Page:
The Indiana Tractor
What a sight to see: a two-wheeled, overgrown garden tractor with a big engine and a two-wheeled riding sulky with a seat and a hitch. It is called, simply, an Indiana, and you can find it at the Tri-State Gas Engine and Tractor Association show, Portland, Ind. Father and son Don and Dwain Michael, Bryant, Ind., regularly display their Indiana there.
This little machine was developed in 1917 by Star Tractor Co., Findlay, Ohio. It is a front-end-drive tractor with a special hitch for a pair of wheels and a seat. It has a steering wheel, clutch, transmission and brakes, and uses a Le Roi 4-cylinder engine with 3-1/8-by-4-1/2-inch bore and stroke. This tractor was sold from late 1917 to early 1919 as the Star.
Most tractors of the era were huge, cumbersome, expensive machines. But farmers accustomed to working with teams of horses wanted something smaller and easier to handle. Henry Ford caught on first with his unit-bodied, gear-enclosed Fordson tractor. This lightweight tractor sold at a price comparable to that of a team of good horses. Other manufacturers followed suit, and the age of the small tractor was born.
In 1919, Indiana Silo Co., Anderson, Ind., bought Star Tractor Co. Indiana Silo & Tractor continued to manufacture the tractor in Findlay for a short time. Then it was produced at the Anderson plant. Later models were simply called the Indiana. The Indiana tractor also sold as the Indiana All ‘Round tractor.
Fighting stiff market competition, this machine survived only a couple of years. The Indiana tractor was tested in September 1920 at Nebraska (Test No. 62), rated at 11.34 brake hp and 5.66 drawbar hp. That made it capable of pulling a 2-row cultivator and similar size implements. It weighed 2,200 pounds. Lightweight, front-end drive tractors such as the Indiana were none too good on backing with a heavy load. Often the tractor’s back end reared up, creating a dangerous situation for the driver perched over lightweight implements.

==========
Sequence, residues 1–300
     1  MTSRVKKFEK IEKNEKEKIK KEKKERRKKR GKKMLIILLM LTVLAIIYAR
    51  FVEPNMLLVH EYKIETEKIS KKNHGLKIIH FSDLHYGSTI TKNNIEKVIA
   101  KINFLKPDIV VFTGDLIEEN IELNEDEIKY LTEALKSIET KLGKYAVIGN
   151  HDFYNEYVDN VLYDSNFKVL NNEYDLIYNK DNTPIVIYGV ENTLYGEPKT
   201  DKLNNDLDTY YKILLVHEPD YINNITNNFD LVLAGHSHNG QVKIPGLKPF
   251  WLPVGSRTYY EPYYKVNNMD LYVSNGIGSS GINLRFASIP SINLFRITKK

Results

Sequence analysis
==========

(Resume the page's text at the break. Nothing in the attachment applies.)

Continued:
During the Indiana’s production life, other manufacturers began to make implements for the tractor. The 1-bottom, 16-inch Oliver no. 61 plow was a popular choice. According to Dwain, almost any horse-drawn tool could be modified to fit the Indiana tractor, including riding discs, grain drills, grain binders and corn binders.
Decades ago, farmers in many areas could defray part of their property tax bill by maintaining the dirt roads in front of their property. Many adapted horse-drawn mowing machines for use with early tractors like the Indiana in maintaining roads and right-of-way. A Russell grader was even available for use with tractors.
Indiana Silo Co. ceased tractor production some time between 1921 and 1924, making the Indiana tractor a rare bird indeed. Only a few are known to exist and even fewer are restored. If you see one of these little silver-and-black machines, stop for a good look. It’s a treat for tired, old eyes. FC
James N. Boblenz grew up on a farm near New Bloomington, Ohio. He now lives in Marion, Ohio, and is interested in antique farm equipment, particularly rare and lesser-known tractors and related items. Email him at firstname.lastname@example.org
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